8. Common Lancehead
The lanceheads are a family of pit-vipers (Bothrops) found throughout Central and South America. Together they are responsible for the vast majority of snakebite deaths in the region. Often living in populated areas these snakes are fast and described as excitable and unpredictable when encountered.
Worthy of particular mention amongst this group are the common lancehead (B. atrox), the terciopelo (B. asper) and the jararaca (B. jararaca). All are large snakes measuring around the 2 metre (6.5ft) mark and have powerful hemotoxic venom.
Unlike the previous two snakes which possess a neurotoxic venom, the lancehead’s venom is hemotoxic. Obviously, no one in their right mind wants to be bitten by any of the snakes on this list, but given the choice I’d go for a snake with neurotoxic venom any time. Hematoxins work by destroying blood cells and breaking down the body’s tissues and organs. As you might imagine this is both extremely painful and can result in irreversible damage. Bites from such snakes frequently result in the need to amputate limbs, even after prompt treatment.
The bite from a lancehead will cause local swelling and pain often followed by blistering and bruising. Systemic symptoms usually involve hemorrhaging internally and from the gums, eyes etc. Whilst this may lead to fatal shock, death may also result from kidney failure.
7. Puff Adder
The puff adder makes up for a lack of length with an abundance of girth. These heavily built snakes are powerful and equipped with particularly long fangs which make them formidable hunters. Despite being so slow and lethargic as to be described as ‘lazy’, the puff adder actually has one of the fastest strikes of any snake. It has been known for a puff adder to kill its rodent prey just from the sheer force of its strike and its large fangs. That said, it carries enough venom to kill several humans.
The name puff adder comes from the snake’s warning behaviour in which it will inflate itself to look bigger and release an intimidating hiss. You are well advised to heed this warning as the puff adder is statistically Africa’s most dangerous snake causing more fatalities than any other reptile on the continent.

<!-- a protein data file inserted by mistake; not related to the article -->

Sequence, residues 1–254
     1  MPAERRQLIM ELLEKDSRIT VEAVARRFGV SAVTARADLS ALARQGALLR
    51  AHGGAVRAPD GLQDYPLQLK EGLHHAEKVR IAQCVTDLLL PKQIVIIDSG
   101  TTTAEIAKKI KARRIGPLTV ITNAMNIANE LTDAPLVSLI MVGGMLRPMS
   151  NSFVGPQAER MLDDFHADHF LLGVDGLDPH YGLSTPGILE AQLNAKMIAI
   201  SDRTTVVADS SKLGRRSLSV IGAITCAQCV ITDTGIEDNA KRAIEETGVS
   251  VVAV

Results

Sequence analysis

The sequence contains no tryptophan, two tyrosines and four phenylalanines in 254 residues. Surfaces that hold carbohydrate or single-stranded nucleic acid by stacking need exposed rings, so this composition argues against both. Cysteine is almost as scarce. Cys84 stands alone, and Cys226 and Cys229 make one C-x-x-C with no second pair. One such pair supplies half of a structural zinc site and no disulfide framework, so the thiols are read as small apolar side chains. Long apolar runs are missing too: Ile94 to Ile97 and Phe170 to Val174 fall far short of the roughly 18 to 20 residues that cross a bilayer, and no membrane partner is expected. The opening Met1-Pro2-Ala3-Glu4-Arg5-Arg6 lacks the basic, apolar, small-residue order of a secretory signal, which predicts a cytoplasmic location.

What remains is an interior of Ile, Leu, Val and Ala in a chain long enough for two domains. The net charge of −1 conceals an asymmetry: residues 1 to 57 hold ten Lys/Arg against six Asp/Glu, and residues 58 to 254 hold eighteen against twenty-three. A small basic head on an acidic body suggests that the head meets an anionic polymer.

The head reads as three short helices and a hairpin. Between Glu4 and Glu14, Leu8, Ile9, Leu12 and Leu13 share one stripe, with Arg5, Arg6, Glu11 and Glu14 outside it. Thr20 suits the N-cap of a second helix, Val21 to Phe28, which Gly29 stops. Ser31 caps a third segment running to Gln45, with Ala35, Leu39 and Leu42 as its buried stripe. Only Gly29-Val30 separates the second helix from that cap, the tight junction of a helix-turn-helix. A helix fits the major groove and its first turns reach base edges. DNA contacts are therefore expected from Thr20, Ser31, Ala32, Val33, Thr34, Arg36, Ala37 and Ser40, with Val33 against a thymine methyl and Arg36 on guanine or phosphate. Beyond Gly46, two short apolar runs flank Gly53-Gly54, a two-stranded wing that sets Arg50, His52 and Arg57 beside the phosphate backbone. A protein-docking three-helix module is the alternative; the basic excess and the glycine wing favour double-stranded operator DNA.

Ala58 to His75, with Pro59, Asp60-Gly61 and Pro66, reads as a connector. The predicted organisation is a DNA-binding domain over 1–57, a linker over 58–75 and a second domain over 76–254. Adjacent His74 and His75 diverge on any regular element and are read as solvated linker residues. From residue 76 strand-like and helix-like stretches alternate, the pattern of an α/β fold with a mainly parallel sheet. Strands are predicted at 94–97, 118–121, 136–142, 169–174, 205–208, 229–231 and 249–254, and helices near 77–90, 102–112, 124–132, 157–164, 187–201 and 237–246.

To a large extent the puff adder’s grim record is due to its habit of basking on footpaths, soaking up the morning and late afternoon sun. This puts into contact with humans and this is compounded by the fact that these snakes are reluctant to slither away when they detect approaching footprints. Instead puff adders rely on their effective camouflage to remain undetected. Unfortunately this tactic can put the snake into a situation where it feels it needs to defend itself.
If you are bitten by a puff adder you will know about it; their cytotoxic venom is one of the most powerful of all the vipers and if not properly treated can cause death in over half of envenomations. The bite itself causes considerable pain but this is only the start of some very nasty symptoms. As well as swelling and internal bleeding the puff adder’s venom is known to cause tissue necrosis with severe cases causing damage right down to the bone. In the absence of effective medical treatment complications such as gangrene or not unusual and bite victims often require limbs to be amputated.
6. Indian Cobra
The infamous cobra is our first member of the “big four” – a group of snakes which cause the most human fatalities in India (and therefore the world). Whilst it is often only described as moderately venomous it makes up for this in sheer effort, delivering somewhere between 100,000 and 150,000 bites a year. Whilst the actual statistics for deaths caused by the Indian cobra are not available an estimate can be made from the mortality rate, which is given as anywhere between 6.5% and 30%. Whatever the correct figures are the fact is that many thousands of deaths are caused by this snake every year.
Whilst the Indian cobra’s venom might not quite match up to some of the heavyweights on this list it is still not to be underestimated. A cocktail of neurotoxins, cardiotoxins and hemotoxins the bite from a cobra can be extremely painful and rapidly fatal. The hemotoxins break down local tissue helping the venom spread whilst the neurotoxins cause paralysis. This in turn can result in respiratory failure, all of which may only take half an hour. Therefore, prompt treatment with antivenom is essential.
Apparently cobra venom is also occasionally used as a recreational drug. Yes, there are actually people out there willing to inject themselves with this to get a quick hit. Apparently the positive effects include; enhanced sensation, increased energy and “sense of well-being”. On the downside, side-effects include death.